Celebrities have to recognize that there are more people who listen to them because they are celebrities — and that this is so even on topics other than how to become a celebrity or how to live with the day to day demands of being a celebrity. Whether or not people ought to be listening to them does not stop the fact that they are. This means that bad advice (even if well meaning) has the potential to hurt more people when offered by a celebrity rather than just by some other parent at the playgroup.

Among other things, I think it can be argued that a celebrity has a greater duty to scope out the credibility of the experts on whose advice he or she has relied, to make sure those experts really know what they’re talking about — and to make sure that they are not offering their advice primarily in the hopes that the celebrity will broadcast it and drum up more business for their miracle cure.

As well, given that the public seems to credit celebrities with more knowledge than they should, celebrities probably have an extra duty to be clear about the gaps in their knowledge — especially in areas where they might be inclined to offer advice as one parent to another.

What are your obligations if you are a talk show host with no medical training and you provide a soapbox from which celebrities can speak to a huge audience — including celebrities with no medical training who give advice to parents about the medical care of their children?

Here, the duties may depend a great deal on how your show is presented to the public. Is it a collection of thought-provoking guests whose main purpose is to entertain rather than inform? Is it a careful examination of important topics with clear applications to the lives of the viewing audience? Is it a chair-throwing hate-fest?

The general tenor of the show promises, at least implicitly, a certain level of credibility from the guests who appear on the show. Letting celebrity advice on medical matters ride on that tacit promise of credibility is falling down on a duty to your audience.

Since you are (in this scenario) a talk show host with no medical training, seeking the advice of multiple experts with medical training — and who are not also peddling a book, diet plan, exercise system, or acne treatment — would be a good way to live up to your obligations to your audience.

What are your obligations if you are the booker for a talk show?

The job of the booker imposes a pretty clear obligation to line up guests who make for good television (or radio, or whatever). However, since the long term success of the talk show is at least connected to the relationship established with the audience, lining up guests whose credibility meets or exceeds what the audience expects is a good idea. Assuming you are a booker with no medical training, you probably have a duty to work out some reliable criteria for vetting guests who claim medical expertise.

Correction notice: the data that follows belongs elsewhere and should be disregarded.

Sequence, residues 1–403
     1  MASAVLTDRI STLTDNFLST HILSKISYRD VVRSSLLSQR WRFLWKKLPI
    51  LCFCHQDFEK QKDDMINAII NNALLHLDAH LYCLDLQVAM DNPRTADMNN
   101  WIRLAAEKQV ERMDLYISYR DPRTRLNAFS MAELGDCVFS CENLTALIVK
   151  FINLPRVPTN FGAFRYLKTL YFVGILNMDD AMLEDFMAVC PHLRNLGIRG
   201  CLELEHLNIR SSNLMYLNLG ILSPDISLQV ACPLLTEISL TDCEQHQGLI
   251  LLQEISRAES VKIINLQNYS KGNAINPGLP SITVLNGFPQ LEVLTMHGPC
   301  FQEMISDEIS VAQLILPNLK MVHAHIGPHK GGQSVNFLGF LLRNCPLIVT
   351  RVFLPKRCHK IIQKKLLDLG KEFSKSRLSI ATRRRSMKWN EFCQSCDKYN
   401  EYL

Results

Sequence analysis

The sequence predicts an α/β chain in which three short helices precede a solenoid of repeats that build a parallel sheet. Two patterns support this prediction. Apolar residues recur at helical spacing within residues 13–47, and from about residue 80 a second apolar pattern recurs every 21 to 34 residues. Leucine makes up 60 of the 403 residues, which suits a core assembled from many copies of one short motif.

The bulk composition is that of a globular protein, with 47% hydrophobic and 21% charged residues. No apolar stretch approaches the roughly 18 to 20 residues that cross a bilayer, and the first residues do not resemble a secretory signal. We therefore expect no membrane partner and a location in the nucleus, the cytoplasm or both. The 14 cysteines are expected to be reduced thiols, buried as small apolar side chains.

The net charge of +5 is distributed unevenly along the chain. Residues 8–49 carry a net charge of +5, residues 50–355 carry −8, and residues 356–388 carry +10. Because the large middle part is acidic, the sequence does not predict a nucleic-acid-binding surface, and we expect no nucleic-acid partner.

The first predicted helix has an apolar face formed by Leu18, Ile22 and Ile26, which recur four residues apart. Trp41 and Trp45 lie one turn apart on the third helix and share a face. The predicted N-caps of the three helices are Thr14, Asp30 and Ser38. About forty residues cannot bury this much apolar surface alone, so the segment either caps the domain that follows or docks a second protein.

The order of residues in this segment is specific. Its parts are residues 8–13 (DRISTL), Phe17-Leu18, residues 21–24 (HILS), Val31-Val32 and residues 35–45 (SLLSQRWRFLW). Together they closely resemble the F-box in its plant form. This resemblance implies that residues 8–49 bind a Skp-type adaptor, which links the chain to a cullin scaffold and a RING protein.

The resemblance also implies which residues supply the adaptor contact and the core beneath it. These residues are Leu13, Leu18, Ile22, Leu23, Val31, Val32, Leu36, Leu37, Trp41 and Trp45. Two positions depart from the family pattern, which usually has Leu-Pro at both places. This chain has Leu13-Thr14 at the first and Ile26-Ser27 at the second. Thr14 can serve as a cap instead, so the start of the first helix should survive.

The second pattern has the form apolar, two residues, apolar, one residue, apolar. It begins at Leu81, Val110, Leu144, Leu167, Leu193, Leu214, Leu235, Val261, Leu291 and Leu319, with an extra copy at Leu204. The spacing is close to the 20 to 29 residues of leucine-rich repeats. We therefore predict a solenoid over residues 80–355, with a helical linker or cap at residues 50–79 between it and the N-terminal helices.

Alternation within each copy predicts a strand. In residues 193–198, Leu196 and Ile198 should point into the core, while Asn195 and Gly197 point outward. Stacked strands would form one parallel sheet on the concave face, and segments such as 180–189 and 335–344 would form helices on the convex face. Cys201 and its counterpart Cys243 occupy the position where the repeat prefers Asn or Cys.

What are your obligations if you are the distributor of a talk show?

You shouldn’t sell the show as something it isn’t. If it delivers a careful examination of important topics with clear applications to the lives of the viewing audience, you can sell it as such. If it delivers a chair-throwing hate-fest, you cannot sell it as a careful examination of important topics with clear applications to the lives of the viewing audience. To do so would be deceptive.

What are your obligations if you are a parent who watches a talk show whose guests give medical advice to parents about the medical care of their children?

Evaluate the credibility of the person offering the advice. Consider what he or she may have to gain, personally, by going on a talk show to give such advice. Consider what others may have to gain by putting this advice-giving celebrity on a talk show. Most of all, consider the potential harms to your child of mistaking bad advice for good advice, and put in the work to find good advice and the people with the knowledge (and lack of ulterior motives) you can trust to deliver such good advice.

Comments

  1. #1 Becca
    May 20, 2009

    Great post! The spread of scientific misinformation by celebrities is so infuriating, especially when it can harm people.

    I recently wrote that people like McCarthy should be labeled with an FDA warning:

    http://www.gardenofthemind.com/2009/05/04/what-celebrities-want-you-to-know-about-autism/

  2. #2 mdiehl
    May 21, 2009

    As someone who books for a radio show at a major university, I am extremely concerned that my guests show a level of expertise on which they speak. Otherwise, my audience would tear them apart in two seconds flat.